# Implied Supply Side Elasticities from the Heritage CDA Simulations

Following up on yesterday’s post on the Heritage Foundation’s assessment of the Ryan plan, I thought it would be useful to see how the labor and capital supply elasticities that are implied in the simulations compare with the literature, for the benefit of my macroeconomics class. Unfortunately, I come up with some really odd numbers, so I must either be making a mistake somewhere, or the simulation is very odd. Update 4/10, 4:50pm Pacific: I added two graphs illustrating exactly how odd these numbers are.

Figure 1: Private nonfarm payroll employment (blue), baseline (dark blue), and simulated under Ryan plan (red). Actual data average of monthly data. Source: BLS via FREDII, and Heritage Foundation, Appendix 3: Simulation Results.

Figure 2: Real equipment investment, bn. Ch.05\$ (blue), baseline (dark blue), and simulated under Ryan plan (red). Source: BEA, and Heritage Foundation, Appendix 3: Simulation Results.

Labor supply elasticities

First consider the labor supply elasticity. This elasticity is given by the following formula:

η = (∂N/∂ω) × (ω/N)

Where N is labor supply, and ω is the after tax real wage.

From Appendix Table 3 of the Heritage document (as revised 11am 4/6), we have average baseline private nonfarm payrolls at 119.9 million, simulated at 121.5 million; the log difference is 0.0132. The average baseline personal tax rate is 0.184, and the simulated is 0.181. The log difference is 0.0025. I don’t have demand side elasticities, but assuming a perfectly elastic demand for labor gives me the minimum figure for the implied supply elasticity. Hence, substituting these figures into the formula leads to:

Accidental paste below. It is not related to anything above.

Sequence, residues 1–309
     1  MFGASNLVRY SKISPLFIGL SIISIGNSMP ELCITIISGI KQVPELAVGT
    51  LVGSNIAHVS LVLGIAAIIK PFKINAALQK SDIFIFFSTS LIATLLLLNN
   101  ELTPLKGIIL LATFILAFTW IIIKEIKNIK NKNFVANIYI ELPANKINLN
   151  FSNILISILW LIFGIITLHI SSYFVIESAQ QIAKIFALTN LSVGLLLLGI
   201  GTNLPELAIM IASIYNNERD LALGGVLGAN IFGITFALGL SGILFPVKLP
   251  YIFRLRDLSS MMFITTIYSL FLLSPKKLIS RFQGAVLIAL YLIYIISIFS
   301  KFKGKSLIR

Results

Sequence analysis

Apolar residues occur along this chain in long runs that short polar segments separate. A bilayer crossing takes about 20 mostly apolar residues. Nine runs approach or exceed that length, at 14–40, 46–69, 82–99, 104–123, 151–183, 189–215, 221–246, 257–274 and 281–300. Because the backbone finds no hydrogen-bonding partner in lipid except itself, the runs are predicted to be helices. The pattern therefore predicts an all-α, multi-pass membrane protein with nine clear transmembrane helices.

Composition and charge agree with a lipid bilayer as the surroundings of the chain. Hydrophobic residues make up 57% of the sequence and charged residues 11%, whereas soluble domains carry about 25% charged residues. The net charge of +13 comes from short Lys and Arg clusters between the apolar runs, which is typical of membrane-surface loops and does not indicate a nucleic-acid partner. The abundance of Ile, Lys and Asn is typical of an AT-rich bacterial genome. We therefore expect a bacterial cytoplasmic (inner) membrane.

5.28 = (0.0132/0.0025)

This figure is somewhat higher than the authors of the report indicate they are using (a value of 2), which is in turn in the mid-range of the estimates reported by Rogerson and Allenius. This disjuncture must mean something else is going on in the model (perhaps capital and labor are complements, or employment differs substantially from hours worked).

For reference, here are the elasticities used by CBO (reported earlier in this post):

Source: CBO, “The Effect of Tax Changes on Labor Supply in CBO’s Microsimulation Tax Model,” Background Paper (April 2007).

Investment response

Now consider the implied behavior of capital investment.

The standard rental cost of capital approach to modeling investment goes back to Dale Jorgenson’s classic 1960’s paper. The key parameter is the elasticity of the investment-to-capital ratio with respect to the rental cost:

ln(I/K) = γ rK

Where the rental cost is given by:

(1-u)rK = (i – πK – d)(1-z)PK

Where u is the corporate tax rate, rK is the rental cost of capital, i is the interest rate on corporate bonds, πK is the inflation rate for capital goods, d is the economic depreciation rate, z is the present discounted value of tax credits and accelerated depreciation allowances, and PK is the price of capital goods. I’ll assume πK, d, and z equals zero (which is okay since they don’t change in the simulation), and the relative price of capital goods at unity. After solving for the rental cost of capital, this leads to:

rK = (i)/(1-u)

The baseline 10 year interest rate is 0.04972, the alternative 0.04596. The current statutory corporate tax rate is 0.35, the rate under the Ryan plan is 0.25. Then the initial rental cost of capital is:

0.07649 = 0.04972/0.65

and under the Ryan plan:

0.06128 = 0.04596/0.75

(I’m assuming a percentage point for percentage point change in the effective corporate tax rate, so there’s some slippage here). So the change in the rental cost of capital is 0.01521.

Now consider the change in equipment investment relative to the capital stock. Under the baseline, average equipment investment is 1.611 trillion Ch.05\$, under the Ryan simulation, it is 1.827 trillion Ch.05\$. I don’t have numbers for the real capital stock over this period, but for the sake of argument I’ll use the 2009 current cost (nominal) capital stock of 5.611 trillion. (Since the price index for equipment investment goods in 2010Q4 is about 0.975 for 2005=1, this is pretty close to a real magnitude, expressed in Ch.05\$.)

Then the change in the investment-to-capital ratio is = 0.0385, the average investment-to-capital ratio over the next ten years is 0.2918 (assuming the net capital stock grows by 1% per year). Solving out for the elasticity yields:

γ = (0.0385/0.2918)/(-0.01521) = -8.67.

This figure is somewhat(!) above (in absolute value terms) the short run elasticity of 0.50 cited by, for instance, Gilchrist and Zakrajsek (2007) (their long run elasticity is about unity).